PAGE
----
The Vanier model for living with the disabled takes root
During the evening prayer service at a new residential complex in Fayetteville, N.C., young people took turns reading from the Gospel of Luke, reciting a psalm and singing some prayers.
They paid no mind as one woman tripped over some words in the liturgy. They congratulated another person who, at the end of the Lord’s Prayer, blurted out, “What does ‘amen’ mean?”
“Good question!” some exclaimed in unison.
Such moments are common at the weekly service here, where a mix of graduate students and a handful of adults with developmental disabilities share living quarters.
Friendship House, as they call their co-housing space, is in many ways an outgrowth of the thinking of Jean Vanier, the Catholic theologian and humanitarian who died in May and who changed the way many Christians view disability. Vanier tore down the separation between the able and disabled and between those helping and those being helped with his signature creation, L’Arche, a worldwide network of homes where people with and without disabilities live and work as peers.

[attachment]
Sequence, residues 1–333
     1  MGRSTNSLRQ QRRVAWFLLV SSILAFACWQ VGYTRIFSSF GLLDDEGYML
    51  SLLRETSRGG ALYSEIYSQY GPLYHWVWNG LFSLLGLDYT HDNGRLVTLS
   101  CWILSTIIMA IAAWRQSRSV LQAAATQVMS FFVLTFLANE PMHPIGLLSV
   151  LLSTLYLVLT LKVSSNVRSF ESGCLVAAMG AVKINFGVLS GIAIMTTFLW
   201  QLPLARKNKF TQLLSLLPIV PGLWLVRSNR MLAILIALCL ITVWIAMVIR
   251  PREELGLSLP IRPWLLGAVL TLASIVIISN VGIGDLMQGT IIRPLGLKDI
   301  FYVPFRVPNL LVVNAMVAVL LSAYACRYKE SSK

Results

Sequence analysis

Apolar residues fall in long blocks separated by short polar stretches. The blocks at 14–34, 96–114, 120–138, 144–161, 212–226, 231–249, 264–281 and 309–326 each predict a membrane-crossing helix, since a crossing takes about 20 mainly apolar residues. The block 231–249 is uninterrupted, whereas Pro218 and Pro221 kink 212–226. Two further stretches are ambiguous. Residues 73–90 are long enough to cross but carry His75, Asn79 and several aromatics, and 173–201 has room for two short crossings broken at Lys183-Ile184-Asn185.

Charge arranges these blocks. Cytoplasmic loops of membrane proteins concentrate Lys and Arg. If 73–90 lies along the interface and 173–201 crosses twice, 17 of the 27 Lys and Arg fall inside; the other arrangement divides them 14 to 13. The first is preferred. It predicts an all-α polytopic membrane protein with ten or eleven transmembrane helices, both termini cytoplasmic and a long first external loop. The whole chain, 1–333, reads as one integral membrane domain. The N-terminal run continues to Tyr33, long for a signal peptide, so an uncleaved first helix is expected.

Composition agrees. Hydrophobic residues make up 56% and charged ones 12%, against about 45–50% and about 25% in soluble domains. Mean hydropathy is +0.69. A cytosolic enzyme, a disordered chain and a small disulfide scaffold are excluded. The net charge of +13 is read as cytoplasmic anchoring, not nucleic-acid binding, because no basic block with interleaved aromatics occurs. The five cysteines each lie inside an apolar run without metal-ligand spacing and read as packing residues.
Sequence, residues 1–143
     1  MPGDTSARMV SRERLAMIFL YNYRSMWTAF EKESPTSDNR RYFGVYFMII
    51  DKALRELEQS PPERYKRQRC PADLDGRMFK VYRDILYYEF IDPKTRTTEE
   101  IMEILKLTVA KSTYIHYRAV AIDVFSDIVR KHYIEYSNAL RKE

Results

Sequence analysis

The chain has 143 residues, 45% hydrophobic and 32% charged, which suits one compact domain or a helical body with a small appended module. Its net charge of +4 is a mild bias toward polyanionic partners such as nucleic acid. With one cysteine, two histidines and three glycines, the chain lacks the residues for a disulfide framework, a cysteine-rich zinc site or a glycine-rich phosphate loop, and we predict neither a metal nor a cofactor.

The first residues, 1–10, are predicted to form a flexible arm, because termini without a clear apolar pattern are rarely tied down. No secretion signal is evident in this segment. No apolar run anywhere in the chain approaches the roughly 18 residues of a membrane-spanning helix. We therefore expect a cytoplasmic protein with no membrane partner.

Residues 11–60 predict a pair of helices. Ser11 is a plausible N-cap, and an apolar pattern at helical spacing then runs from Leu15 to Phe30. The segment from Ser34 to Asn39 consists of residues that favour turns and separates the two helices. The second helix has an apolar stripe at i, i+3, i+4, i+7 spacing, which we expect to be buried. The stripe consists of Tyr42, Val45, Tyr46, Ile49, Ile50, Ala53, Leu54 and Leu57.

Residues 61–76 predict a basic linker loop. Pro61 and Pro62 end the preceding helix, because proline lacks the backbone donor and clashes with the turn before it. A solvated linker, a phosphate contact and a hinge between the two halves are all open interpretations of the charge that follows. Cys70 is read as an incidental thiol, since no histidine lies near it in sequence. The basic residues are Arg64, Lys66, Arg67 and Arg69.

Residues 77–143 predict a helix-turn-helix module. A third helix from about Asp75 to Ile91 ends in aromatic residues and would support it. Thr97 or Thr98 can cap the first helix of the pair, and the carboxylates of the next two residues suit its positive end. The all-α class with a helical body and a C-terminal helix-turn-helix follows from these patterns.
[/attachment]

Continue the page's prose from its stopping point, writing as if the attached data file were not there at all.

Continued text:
The Fayetteville Friendship House is meant to attract people studying for careers in health care. The house is the brainchild of Scott Cameron, a physician, who realized he needed to change his own attitude about some of the diagnoses he delivers to parents of babies he cares for at a neonatal intensive care unit. With Friendship House, he hopes to share that insight with a larger group of health care students.
“I think it will help them change the way they view disabilities,” he said, “not as something that is broken, but something that can be celebrated.”